The so-called industrial revolution of the nineteenth century was a perverse revolution. It knocked down small-scale traditional industries and boosted giant monopolies. Millions of people were forced off the land and into cities of factories, disease, and hunger.
Rural people and ancient traditions suffered the most from the violence of few men armed with large machines. This mechanized new class wants all power. Its bosses purchase their way into legislatures, demanding subsidies and a free hand in the use of technologies, especially chemicals.
In the United States the effect of industrialized agriculture has been thoroughly bad. The country has lost its character. Rural and urban have become nearly indistinguishable. America looks more like a homogenized territory rather than a society with great urban and rural towns and villages with distinct cultural and architectural assets.
"Rural" America has become an alien country within a country. One sees an expanded depression-era landscape: empty and abandoned households and "farms" as large as the eye can see. Millions upon millions of acres of land produce corn, soybeans, wheat, alfalfa, hay - and fruits and vegetables. Not far from these mega farms, there are numerous and, equally, gigantic animal factories holding millions of chicken, hogs, and cattle for fattening and slaughter. Under these conditions, rural people either live a life of suffering and disease or migrate to the cities. In the twentieth century, small white farmers "declined" by about 60 percent; black farmers almost disappeared: about 98 percent of them were forced out of agriculture.
The devastations of agricultural industrialization spilled over America to Europe and the rest of the world. The propaganda message was "feeding the world" for which, American corporations and foundations and land grant universities said, a "green revolution" was necessary. But this "green revolution" had nothing to do with agrarian equity but everything with tractors, synthetic fertilizers, synthetic pesticides and one crop farming – exactly like in Iowa.
Add the cold war of the twentieth century to the "green revolution" crusade of global corporations and the results have been awful: agrarian wars, slaughters and hunger in Latin America and Africa; the stealing of land from the peasants for cash crop cultivation; and the decimation of rural traditional seeds and knowledge. These disastrous confrontations also left the natural world in peril.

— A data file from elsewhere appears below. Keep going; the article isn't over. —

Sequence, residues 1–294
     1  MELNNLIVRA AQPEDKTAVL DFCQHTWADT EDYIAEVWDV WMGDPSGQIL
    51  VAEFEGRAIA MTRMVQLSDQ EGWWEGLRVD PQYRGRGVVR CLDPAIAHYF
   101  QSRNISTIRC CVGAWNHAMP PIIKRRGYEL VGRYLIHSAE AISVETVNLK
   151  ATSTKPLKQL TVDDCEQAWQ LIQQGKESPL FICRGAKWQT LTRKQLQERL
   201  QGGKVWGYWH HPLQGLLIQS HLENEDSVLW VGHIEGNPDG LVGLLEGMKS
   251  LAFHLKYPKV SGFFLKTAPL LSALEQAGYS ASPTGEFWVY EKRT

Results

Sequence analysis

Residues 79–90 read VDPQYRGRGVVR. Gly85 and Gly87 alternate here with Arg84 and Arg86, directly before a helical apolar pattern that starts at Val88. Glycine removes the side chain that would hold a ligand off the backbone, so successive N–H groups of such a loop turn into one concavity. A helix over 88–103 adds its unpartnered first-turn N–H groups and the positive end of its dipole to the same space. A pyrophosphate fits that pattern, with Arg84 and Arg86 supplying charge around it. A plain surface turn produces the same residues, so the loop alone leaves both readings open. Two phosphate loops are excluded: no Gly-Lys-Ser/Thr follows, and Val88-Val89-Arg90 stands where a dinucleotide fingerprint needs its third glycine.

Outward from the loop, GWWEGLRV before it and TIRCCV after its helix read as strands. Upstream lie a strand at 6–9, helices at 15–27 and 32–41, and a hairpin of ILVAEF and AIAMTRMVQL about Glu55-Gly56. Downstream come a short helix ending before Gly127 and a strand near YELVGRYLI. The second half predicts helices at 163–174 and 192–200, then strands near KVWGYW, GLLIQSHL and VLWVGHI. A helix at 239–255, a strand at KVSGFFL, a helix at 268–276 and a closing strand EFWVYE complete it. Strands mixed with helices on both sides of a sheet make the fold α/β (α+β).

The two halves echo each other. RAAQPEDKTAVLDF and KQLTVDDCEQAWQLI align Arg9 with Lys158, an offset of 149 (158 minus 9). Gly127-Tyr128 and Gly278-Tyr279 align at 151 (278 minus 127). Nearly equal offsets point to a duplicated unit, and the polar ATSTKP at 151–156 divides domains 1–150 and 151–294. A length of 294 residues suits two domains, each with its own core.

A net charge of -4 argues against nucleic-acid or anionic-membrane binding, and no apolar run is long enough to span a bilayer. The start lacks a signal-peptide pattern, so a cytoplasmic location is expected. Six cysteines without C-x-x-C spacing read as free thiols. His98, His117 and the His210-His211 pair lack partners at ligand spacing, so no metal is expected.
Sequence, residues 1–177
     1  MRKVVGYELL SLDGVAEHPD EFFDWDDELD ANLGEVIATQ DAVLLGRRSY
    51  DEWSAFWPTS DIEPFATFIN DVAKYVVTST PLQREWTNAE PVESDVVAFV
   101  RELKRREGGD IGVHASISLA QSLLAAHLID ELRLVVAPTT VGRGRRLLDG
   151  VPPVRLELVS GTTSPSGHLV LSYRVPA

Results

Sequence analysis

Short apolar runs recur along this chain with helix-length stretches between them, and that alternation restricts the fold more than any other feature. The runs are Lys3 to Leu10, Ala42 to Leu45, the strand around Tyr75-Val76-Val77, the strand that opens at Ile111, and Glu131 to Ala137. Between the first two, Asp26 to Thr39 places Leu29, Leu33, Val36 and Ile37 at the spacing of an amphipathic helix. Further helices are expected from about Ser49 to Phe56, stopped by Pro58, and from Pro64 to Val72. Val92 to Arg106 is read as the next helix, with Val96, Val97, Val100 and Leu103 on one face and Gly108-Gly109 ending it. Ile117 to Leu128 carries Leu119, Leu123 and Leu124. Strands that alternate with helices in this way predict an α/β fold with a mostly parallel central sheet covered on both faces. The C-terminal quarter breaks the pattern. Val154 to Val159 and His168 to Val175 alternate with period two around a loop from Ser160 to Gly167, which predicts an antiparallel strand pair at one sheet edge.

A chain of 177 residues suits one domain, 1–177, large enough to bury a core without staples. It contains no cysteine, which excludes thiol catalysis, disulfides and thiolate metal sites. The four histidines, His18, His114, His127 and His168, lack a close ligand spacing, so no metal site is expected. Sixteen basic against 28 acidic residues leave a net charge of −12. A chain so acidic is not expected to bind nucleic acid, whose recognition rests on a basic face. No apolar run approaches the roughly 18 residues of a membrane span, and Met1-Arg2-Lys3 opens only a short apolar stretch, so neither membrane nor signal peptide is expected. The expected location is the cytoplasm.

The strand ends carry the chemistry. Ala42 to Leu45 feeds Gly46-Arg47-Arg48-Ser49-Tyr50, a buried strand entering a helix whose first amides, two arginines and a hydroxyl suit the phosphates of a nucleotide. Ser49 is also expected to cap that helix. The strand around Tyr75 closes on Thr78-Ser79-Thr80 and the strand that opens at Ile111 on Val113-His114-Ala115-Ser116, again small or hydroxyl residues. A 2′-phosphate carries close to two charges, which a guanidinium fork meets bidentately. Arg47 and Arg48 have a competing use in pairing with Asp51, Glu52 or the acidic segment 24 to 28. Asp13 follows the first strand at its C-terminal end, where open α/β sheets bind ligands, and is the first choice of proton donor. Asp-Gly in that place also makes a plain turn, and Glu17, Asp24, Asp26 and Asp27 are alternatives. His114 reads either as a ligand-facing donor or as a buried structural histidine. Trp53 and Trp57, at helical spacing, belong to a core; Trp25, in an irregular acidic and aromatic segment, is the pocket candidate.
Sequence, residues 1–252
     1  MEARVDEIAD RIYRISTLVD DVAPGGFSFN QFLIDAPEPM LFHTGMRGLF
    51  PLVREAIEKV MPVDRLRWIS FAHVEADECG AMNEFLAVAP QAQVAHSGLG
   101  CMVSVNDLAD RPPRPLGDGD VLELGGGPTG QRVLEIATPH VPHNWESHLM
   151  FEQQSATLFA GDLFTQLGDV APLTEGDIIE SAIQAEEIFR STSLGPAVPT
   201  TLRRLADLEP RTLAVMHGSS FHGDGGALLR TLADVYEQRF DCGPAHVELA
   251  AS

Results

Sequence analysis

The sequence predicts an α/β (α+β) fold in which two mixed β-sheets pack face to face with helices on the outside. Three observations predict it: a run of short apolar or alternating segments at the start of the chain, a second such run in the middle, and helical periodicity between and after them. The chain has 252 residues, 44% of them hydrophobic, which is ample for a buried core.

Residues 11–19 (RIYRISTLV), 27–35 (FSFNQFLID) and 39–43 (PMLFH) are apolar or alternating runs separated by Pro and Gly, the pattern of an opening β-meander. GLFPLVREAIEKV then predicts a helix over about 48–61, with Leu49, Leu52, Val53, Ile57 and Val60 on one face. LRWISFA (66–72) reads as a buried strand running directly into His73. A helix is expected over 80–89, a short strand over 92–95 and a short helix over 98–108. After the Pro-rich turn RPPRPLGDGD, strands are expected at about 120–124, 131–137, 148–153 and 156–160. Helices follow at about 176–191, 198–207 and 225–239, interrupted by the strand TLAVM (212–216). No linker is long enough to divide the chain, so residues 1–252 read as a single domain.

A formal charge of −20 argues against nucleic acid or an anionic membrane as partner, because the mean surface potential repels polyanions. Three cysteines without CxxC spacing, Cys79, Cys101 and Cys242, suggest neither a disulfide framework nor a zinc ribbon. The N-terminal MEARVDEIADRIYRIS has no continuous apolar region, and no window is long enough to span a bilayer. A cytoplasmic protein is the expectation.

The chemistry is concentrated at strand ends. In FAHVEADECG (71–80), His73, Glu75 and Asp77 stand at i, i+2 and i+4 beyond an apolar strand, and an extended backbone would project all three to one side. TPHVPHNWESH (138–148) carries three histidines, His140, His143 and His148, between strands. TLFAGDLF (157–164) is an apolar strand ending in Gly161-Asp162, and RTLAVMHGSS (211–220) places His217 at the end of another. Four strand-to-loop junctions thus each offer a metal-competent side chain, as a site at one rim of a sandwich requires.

In addition, landless peasants are fleeing the end of their culture, creating massive rivers of internal and external refugees. The tragedy is so large in Central America that dozens of thousands of children from Honduras, El Salvador and Guatemala are inundating the borders of America.
An equally pernicious effect of making small and large farms one-crop factories is the uncontrolled use of synthetic pesticides, supposedly to assist farmers in "producing" food. These chemicals are products of chlorine and petroleum – and war. Chlorine gas was the most terrible weapon of World War I. World War II scientists perfected neurotoxin agents, which became the backbone of neurotoxic chemicals for the industrialized farmers.
Our Daily Poison by Marie-Monique Robin (The New Press, December 2014) is a powerful and timely book that urges a revolt against the influence of the industry-government-academic complex running the poison empire of giant farmers and the chemical industry.
Robin, a French award-winning journalist, filmmaker, and muckraker, explains the toxic reach of the industrialized farming in France and other regions of the world. She is also the author of The World According to Monsanto, an equally important book on the global power of Monsanto, the world's "most controversial company."
What astonished me the most in reading Our Daily Poison were two things. One, a global dogma among farmers and bureaucrats on the presumed safety and need for pesticides; and, two, the almost "perfect" replication of the American agricultural industrial system in France. Here you have France with a millennium of agrarian civilization now ditched for the sterile and deleterious one-crop farming of Iowa.
How could this happen so thoroughly and so fast? Future historians will have hard time explaining the drop of France from civilization. Unfortunately, Robin, in this instance, is not of much help either. However, she describes the American-like French government-academic regulatory bureaucracy. Because France borrowed so heavily from the United States, the pesticides danger may be worse in France than in America.